Someone whose musical tastes I respect implicitly, despite his fondness for Rush, contacted me about Cumbernauld duo P60, brothers Peter and Philip Walker, and their latest album, Models, which is out now on the Second Language label. Sounding as if they take inspiration from those other electronica obsessed brothers, Brian and Roger Eno, as well Harold Budd, Terry Riley and Philip Glass, they use their equipment to create a soundscape which evokes the alienation they felt growing up in their home town, and others like it. Imagine Susumu Yokoto had been born and raised in a Scottish New Town and you have some idea as to what to expect. Models is released as a 300 limited edition… Actually 299, now I’ve ordered mine, so get in there quick. From the album, this is ‘I Got You In, Now Get Me Out’:
I said at the top of the page that this roundup would include old friends and new, and two of our oldest friends, in terms of reviewing them on the pages of Scots Whay Hae!, have been A Band Called Quinn and Night Noise Team. Both of them never let us down. A Band Called Quinn’s ‘Drive With Your Your Eyes Closed’ has been remixed by Miaoux Miaoux, who (spoiler alert) is more than likely to feature on these pages on his own next month. If you’ve seen or heard their live show, Biding Time, then you’ll be familiar with the track, but not like this. As the best remixes should do, this enhances the original song while making you appreciate the individual aesthetic of the person who has weaved their magic:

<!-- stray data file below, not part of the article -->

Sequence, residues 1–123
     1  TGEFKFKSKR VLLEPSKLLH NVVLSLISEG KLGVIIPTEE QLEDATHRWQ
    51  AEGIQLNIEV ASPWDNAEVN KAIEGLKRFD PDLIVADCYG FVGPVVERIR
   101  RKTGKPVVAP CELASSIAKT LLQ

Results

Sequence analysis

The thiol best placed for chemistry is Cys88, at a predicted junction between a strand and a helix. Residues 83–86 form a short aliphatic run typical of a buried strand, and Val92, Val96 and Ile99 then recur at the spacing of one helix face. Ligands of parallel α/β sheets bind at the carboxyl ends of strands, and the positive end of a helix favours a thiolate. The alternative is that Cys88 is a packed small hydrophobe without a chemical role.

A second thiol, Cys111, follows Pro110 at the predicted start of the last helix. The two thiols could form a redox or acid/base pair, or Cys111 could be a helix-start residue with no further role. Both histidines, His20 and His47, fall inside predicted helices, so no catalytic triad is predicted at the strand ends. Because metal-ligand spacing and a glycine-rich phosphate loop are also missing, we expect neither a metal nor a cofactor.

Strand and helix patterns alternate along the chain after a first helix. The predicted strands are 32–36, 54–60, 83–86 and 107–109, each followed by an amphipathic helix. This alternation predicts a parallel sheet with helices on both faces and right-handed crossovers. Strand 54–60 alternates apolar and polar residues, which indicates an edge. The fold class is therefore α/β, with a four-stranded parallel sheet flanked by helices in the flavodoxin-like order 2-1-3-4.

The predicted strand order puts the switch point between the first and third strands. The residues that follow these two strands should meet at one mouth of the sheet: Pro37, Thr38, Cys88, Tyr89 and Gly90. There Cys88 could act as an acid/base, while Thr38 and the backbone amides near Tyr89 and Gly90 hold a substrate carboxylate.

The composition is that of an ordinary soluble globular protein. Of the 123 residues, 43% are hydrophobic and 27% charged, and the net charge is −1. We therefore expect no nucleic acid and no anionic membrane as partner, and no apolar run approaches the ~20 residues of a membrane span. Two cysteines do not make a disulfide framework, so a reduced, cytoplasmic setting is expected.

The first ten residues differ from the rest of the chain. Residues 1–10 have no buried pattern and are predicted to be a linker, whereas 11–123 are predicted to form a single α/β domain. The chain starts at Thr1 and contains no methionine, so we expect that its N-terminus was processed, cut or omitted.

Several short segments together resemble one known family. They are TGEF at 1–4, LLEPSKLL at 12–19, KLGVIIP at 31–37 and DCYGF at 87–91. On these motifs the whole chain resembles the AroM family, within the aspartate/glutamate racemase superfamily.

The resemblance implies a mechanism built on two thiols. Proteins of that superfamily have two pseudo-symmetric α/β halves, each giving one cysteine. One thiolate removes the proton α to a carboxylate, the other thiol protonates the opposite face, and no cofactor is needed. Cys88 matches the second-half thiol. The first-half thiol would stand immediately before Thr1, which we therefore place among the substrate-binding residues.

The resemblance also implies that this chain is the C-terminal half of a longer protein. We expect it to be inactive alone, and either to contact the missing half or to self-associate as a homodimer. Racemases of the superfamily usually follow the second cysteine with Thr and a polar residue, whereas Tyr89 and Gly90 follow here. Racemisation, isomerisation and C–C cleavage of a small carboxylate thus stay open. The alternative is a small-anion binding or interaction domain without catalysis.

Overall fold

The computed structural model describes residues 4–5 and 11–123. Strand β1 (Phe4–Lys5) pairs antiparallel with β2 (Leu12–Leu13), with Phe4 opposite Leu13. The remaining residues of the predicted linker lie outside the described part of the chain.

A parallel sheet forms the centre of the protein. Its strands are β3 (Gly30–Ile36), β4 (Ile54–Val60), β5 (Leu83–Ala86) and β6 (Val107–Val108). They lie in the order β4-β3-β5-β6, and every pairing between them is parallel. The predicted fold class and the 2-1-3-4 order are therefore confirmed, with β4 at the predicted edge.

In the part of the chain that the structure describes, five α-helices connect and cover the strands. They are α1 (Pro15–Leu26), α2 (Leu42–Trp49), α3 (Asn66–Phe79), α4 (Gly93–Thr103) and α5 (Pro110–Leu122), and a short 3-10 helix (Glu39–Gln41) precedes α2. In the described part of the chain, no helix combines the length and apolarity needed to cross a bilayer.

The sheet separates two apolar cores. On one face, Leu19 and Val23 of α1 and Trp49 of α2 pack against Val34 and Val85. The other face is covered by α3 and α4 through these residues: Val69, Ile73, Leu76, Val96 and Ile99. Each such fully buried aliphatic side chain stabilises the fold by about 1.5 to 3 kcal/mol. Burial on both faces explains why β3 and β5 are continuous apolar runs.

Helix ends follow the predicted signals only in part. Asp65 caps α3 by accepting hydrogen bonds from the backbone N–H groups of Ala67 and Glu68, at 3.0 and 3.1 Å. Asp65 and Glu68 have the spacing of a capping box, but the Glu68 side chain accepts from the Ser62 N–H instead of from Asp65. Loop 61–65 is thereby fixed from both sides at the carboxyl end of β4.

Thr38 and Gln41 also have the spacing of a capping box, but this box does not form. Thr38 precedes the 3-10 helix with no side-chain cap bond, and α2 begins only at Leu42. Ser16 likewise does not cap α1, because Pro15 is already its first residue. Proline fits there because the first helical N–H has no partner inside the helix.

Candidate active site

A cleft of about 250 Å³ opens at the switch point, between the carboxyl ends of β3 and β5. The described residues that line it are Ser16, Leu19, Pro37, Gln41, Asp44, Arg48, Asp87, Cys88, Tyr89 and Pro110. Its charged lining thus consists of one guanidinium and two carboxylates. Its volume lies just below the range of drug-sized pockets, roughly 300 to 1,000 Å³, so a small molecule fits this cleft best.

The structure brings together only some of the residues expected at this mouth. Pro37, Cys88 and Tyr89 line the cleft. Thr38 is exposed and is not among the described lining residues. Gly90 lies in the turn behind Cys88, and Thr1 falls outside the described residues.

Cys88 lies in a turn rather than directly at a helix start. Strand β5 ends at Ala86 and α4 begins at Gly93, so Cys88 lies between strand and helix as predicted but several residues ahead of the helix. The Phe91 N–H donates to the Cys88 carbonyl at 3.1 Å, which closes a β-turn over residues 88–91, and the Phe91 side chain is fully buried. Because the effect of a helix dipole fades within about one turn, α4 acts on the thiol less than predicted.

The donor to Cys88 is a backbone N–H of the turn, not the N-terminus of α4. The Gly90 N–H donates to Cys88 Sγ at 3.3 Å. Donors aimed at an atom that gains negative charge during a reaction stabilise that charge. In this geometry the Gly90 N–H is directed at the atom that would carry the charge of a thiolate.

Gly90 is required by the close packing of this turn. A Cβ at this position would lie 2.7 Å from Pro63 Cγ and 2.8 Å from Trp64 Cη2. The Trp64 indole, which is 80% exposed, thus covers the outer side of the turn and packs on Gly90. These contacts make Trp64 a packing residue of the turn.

If Scots Whay Hae! stopped tomorrow (which it won’t), then if nothing more came of it than discovering the Night Noise Team, I could remain a happy man. They have made some of my favourite music of the last few years, and it looks like they aren’t going to stop anytime soon. The best phrase I can come up with for Night Noise Team’s sound is “world weary dance music”, something which suits me right here, right now. Another remix, or reboot as they would have it; their latest single ‘High Line’ is taken from the recent album Rever Electrique:
That’s it for March, and I didn’t even mention new albums from Young Fathers or Aidan Moffat and Bill Wells, mainly because I’m guessing you’ve already heard about them. Believe it or not, April’s roundup is already filling up fast, but don’t let that put you off getting in touch with suggestions for music that should feature. Without you, we are nought.